JetBlue Airways (NASDAQ:JBLU) has dramatically improved its profitability in the past few years. Rising margins in Boston -- JetBlue's second-largest focus city -- have been a big part of that story.
That said, JetBlue faces a growing threat from Delta Air Lines (NYSE:DAL). With Delta starting to expand rapidly in Boston, JetBlue needs to speed up its own growth plans there to ensure that it remains the top choice for Boston-based business travelers.
JetBlue's Boston success story
The Boston air travel market has historically been highly fragmented, with no dominant airline. Furthermore, the legacy carriers all cut capacity there during and after the Great Recession, creating a vacuum of sorts.
JetBlue has seized this opportunity. Today, it flies from Boston to 63 destinations nonstop, up from just 35 nonstop destinations in mid-2010. At times, this growth has put pressure on JetBlue's margins. As recently as late 2013, JetBlue was barely profitable in Boston and its profit margin there was well below the company average.
However, JetBlue has reached a critical mass in Boston in the past few years. Indeed, with more than 150 daily departures, it is the city's largest airline and offers nonstop flights to most of the top business (and leisure) markets. This has allowed it to aggressively court business travelers. As a result, Boston has become JetBlue's most profitable focus city.
Delta is encroaching on JetBlue's turf
While JetBlue is now the largest carrier in Boston, it isn't going unchallenged. Delta Air Lines has emerged as its most serious competitor there, thanks to a recent growth spurt.
In 2016, Delta announced new routes from Boston to San Francisco, Nashville, and several Caribbean destinations. Last week, it announced new nonstop routes to Austin, Texas; Buffalo, New York; Jacksonville, Florida; Kansas City, Missouri; and Norfolk, Virginia. Delta also plans to add more flights to Nashville and to several cities in Florida.
By this fall, Delta says that it will operate more than 100 peak-day departures from Boston to 32 destinations. 12 of those destinations have been added since last November.
Why it matters for JetBlue
Delta's most recent round of expansion in Boston isn't likely to have a big direct impact on JetBlue Airways. First, JetBlue doesn't even fly to Kansas City and Norfolk. Second, American Airlines will exit the Boston-Buffalo market in late August, a few weeks before Delta will start serving that route. Thus, the overall level of competition in that market won't change much.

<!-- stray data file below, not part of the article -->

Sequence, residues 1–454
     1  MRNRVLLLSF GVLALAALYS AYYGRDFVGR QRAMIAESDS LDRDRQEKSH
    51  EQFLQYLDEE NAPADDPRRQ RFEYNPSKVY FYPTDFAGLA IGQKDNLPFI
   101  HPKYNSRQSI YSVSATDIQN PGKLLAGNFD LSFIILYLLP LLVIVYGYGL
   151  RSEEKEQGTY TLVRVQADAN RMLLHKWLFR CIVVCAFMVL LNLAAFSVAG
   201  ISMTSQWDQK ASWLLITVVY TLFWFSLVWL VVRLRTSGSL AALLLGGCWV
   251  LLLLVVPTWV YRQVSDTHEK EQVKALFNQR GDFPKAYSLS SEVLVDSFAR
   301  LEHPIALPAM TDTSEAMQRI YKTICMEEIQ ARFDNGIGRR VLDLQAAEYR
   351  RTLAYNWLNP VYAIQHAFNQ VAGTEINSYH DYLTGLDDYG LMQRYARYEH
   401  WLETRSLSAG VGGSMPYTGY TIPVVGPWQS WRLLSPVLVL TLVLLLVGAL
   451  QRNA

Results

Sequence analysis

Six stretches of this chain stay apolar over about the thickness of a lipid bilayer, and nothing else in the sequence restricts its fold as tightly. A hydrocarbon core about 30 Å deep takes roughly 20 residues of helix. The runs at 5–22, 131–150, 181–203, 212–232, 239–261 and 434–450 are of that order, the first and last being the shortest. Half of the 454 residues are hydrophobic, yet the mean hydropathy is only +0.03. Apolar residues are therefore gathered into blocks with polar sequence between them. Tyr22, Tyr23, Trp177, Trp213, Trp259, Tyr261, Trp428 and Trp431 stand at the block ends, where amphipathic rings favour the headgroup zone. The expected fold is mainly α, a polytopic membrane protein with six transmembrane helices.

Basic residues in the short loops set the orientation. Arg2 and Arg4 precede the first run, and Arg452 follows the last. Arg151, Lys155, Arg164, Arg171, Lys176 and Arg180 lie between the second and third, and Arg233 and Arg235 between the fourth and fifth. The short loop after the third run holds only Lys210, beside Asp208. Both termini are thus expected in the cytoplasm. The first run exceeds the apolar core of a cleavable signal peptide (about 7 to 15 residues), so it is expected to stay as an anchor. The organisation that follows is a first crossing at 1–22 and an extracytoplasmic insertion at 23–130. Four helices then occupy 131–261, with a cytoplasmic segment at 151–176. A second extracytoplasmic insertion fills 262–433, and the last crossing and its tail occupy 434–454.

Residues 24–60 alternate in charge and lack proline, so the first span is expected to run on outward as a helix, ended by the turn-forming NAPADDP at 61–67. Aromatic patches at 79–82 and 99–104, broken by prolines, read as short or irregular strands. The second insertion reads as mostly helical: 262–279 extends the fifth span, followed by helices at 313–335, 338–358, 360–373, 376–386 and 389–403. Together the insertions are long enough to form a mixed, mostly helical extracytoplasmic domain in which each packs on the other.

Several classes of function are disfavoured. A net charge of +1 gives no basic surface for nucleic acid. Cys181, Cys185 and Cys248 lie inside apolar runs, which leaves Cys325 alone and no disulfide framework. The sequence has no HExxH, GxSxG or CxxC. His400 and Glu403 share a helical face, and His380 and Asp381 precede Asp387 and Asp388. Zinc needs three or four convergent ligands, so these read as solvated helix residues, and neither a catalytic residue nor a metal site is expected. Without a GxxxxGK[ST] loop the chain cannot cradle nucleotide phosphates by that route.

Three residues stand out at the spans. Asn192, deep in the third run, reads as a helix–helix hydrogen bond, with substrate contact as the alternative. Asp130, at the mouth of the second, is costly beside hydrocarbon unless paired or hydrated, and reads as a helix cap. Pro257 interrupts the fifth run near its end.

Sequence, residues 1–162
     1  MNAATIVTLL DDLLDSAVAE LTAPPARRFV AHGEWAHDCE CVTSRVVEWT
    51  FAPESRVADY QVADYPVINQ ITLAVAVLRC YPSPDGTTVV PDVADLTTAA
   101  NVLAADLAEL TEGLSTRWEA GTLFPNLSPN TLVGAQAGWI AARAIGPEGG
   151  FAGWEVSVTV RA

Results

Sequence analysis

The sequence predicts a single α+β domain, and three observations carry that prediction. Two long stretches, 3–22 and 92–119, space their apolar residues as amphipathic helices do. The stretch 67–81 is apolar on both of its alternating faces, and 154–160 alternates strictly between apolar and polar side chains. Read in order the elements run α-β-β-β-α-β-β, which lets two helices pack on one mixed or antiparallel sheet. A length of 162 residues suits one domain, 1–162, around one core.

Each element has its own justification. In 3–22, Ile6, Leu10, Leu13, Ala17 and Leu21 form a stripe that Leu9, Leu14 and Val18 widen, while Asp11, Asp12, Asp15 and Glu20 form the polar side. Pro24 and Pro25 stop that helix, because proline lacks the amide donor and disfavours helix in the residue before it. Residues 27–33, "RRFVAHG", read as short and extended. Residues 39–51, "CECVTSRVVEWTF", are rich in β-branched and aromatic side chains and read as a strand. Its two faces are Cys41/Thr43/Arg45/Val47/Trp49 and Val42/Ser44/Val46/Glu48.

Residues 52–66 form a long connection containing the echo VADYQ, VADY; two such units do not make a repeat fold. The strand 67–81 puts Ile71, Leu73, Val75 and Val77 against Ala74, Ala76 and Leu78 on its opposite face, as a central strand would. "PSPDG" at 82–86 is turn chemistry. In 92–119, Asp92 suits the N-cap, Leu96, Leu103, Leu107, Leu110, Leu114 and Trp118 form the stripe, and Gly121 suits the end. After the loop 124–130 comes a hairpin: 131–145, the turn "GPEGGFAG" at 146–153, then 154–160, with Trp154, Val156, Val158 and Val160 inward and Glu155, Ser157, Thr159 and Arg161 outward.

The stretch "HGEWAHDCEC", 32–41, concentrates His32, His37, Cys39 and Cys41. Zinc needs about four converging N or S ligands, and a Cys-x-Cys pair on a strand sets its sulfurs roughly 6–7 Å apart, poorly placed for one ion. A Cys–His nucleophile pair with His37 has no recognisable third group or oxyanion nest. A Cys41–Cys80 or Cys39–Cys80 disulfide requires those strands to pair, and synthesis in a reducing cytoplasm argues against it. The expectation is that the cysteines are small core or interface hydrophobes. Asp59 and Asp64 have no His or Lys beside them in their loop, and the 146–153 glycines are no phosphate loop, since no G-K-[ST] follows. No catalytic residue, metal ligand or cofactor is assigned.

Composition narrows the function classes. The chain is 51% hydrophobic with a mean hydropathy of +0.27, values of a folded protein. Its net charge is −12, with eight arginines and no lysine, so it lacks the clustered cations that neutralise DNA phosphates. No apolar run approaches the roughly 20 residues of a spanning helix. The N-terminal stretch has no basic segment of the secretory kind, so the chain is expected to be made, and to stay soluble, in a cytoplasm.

Delta's new flights to Austin and Jacksonville will increase competition on those routes, but those markets aren't big enough to have a meaningful impact on JetBlue's overall results.
Nevertheless, it would be dangerous for JetBlue to ignore Delta's growth. While JetBlue offers the most nonstop flights and nonstop destinations from Boston, Delta can offer one-stop service from Boston to a large swath of the globe via its hubs and its numerous international partnerships. This global connectivity is a big draw for business travelers.
JetBlue should probably respond by accelerating its existing plan to grow to 200 daily departures in Boston -- and then set a new, even more ambitious goal. Boston remains underserved relative to similar-sized cities in the U.S., and there are numerous midsized cities in the eastern half of the U.S. that could be ripe for nonstop JetBlue flights.
Flights to Europe could be an even bigger opportunity. JetBlue has the right to convert its A321neo orders to the long-range A321LR variant beginning in the second half of 2019. The company still hasn't decided whether it will exercise this option, but it has hinted that the A321LR could enable nonstop flights from Boston to Europe.
The best way for JetBlue to maximize its long-term profitability in Boston is to ensure that it remains the carrier of choice for business travelers there. That means erring on the side of growth and network expansion to improve its position vis-a-vis Delta Air Lines.
In the near term, JetBlue could face some margin pressure as it tries to gain share and stimulate new traffic in Boston. However, this strategy could eventually make JetBlue the dominant carrier in Boston, a position that would make its high margins more sustainable.
Adam Levine-Weinberg owns shares of Delta Air Lines and JetBlue Airways and is long January 2019 $10 calls on JetBlue Airways. The Motley Fool recommends JetBlue Airways. The Motley Fool has a disclosure policy.